Portrait Of The Artist As A Young(ish) Man

I started writing my novel five years ago, but truth be told, my heart wasn’t in it for the last three. Whenever I sat down to write, it was the last thing I wanted to do. There was no belief. No passion or desire in what I was doing. And when that happens, you might as well flush yourself down stream with the turds. Subconsciously, I’d given up. Dreams that had once burned so bright, fading away with every passing day. All those lonely evenings spent staring at my laptop trying to muster the energy to write, but all I got in return was emptiness. I’d drink to hide from the truth, the terrible truth, that I’d lost it. I doubted myself, and when you do that, you’re finished.

These last several months have been a wake-up call. Sometimes, you need to hit rock bottom to find out what you’re made of. Sometimes, you need to lose it all, to discover if you’ve really got what it takes. When you finally realise that you’ve lost your belief, you can do one of two things. You can either accept it, or you can dig deep and do whatever you can to get it back. So I started a blog, and vowed to write until I couldn’t stop, until it became as natural as eating or taking a shit. Five months later, and I’ve written over two hundred thousand words of new material. That’s more than I’d come up with in the previous five years put together. And today I start work on the novel again. The passion is back, and so is my desire to succeed in what I love doing.

In many ways, I wish I could’ve picked something easier. A path that was more conventional. There’s nothing worse than the humiliation of telling someone that you’re writing a novel. You can feel the laughter bubbling away behind their eyes. To call yourself a writer when you’re not published, is a soul destroying thing. And for years, I let it get the better of me until I almost called it a day. In the beginning, I vowed to prove everyone wrong. I swore to myself that I’d do whatever it would take to become successful. No matter how long it took, no matter how lonely I’d be, I’d stick with it. But, I let doubt get the better of me until I ended up a mess. Maybe everyone was right. Maybe I should relinquish those crazy dreams of mine. Grow up and do something sensible, Stephen.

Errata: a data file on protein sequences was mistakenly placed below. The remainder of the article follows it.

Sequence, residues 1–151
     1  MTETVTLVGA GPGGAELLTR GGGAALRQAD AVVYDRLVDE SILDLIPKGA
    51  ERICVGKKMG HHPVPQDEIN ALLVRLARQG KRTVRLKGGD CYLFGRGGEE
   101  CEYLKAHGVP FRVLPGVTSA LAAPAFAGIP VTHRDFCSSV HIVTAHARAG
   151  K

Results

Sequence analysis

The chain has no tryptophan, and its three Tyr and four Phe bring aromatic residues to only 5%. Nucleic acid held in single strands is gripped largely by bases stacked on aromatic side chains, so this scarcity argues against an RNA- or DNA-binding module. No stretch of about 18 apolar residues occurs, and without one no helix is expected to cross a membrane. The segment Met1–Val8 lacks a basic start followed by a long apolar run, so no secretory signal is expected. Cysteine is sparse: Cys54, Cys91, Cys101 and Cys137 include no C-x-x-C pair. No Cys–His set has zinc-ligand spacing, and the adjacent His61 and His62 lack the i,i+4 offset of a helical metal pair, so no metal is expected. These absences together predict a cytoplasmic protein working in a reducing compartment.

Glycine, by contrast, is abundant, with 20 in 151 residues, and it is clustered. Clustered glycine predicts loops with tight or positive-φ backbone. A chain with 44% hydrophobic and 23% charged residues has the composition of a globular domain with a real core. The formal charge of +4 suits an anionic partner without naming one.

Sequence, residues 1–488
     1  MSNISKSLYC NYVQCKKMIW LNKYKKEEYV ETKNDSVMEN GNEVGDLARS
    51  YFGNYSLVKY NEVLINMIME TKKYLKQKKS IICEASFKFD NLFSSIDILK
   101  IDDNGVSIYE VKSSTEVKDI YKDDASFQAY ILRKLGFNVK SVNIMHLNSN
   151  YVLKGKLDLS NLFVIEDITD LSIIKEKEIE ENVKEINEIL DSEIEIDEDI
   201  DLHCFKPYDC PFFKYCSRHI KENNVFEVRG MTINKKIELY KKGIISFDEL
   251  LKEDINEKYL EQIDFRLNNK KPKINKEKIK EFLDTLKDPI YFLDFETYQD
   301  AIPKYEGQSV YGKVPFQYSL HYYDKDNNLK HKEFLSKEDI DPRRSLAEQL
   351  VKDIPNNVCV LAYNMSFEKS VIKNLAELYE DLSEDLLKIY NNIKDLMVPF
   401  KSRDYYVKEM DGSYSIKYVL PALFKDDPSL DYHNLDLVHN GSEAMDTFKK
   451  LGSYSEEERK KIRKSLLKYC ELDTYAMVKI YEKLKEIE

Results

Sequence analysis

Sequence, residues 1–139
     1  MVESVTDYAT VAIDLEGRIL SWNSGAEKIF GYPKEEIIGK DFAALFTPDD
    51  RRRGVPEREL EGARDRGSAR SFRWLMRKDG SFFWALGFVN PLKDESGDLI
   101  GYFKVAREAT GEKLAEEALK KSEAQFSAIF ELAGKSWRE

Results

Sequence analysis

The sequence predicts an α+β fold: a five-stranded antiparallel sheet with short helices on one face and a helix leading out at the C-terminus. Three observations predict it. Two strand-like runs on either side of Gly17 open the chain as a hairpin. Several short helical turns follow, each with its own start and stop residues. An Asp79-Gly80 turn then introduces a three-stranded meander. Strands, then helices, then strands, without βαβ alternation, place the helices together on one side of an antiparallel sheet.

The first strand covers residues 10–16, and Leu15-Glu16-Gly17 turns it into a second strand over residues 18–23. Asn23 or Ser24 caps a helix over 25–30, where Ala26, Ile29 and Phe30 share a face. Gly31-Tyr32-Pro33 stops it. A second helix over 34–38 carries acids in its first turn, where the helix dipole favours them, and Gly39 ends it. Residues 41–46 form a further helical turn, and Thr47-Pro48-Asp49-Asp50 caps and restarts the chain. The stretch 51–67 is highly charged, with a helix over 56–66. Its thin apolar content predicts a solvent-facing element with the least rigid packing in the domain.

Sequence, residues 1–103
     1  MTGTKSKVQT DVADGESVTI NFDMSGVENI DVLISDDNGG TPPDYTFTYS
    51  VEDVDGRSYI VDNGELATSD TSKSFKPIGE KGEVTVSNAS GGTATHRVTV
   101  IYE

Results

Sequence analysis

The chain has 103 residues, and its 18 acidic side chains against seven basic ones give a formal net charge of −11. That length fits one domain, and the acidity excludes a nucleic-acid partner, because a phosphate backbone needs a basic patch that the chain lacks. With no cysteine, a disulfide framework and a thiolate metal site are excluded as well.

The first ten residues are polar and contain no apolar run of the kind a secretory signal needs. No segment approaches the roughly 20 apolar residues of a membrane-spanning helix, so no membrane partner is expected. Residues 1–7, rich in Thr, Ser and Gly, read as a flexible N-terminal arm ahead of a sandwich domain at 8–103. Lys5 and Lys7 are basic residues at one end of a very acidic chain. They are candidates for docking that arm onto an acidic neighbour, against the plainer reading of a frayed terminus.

But my place in life was never meant to fit in, to become like everyone else. I was born with an incredible desire for fantasy. I’ve always been a dreamer, always creating stories and inventing surreal realities and scenarios. It’s not an interest, or a quirk. It’s who I am. My regained passion for writing isn’t something I do on the side, it’s what I do full stop. Once you’re successful and you’ve sold books, you can say this and people won’t bat an eyelid. But when you’re struggling to find your feet, people call you lazy. You’re deluded they say. And eventually, you end up believing them. Not this time though. I don’t care how long it takes me, or how mad I am by the end of it. Every time I feel the doubt creeping back in, I’ll kick it in the face. And every time I see it in someones eyes, I’ll use it to fire me on, not retreat back into apathy. A writers gotta write. No more excuses. No more fear. Life’s too short to deny the dreams that fill my heart with sensations nothing else comes close to.

Belief. Passion. Desire. And a touch of madness for good measure.

9 replies »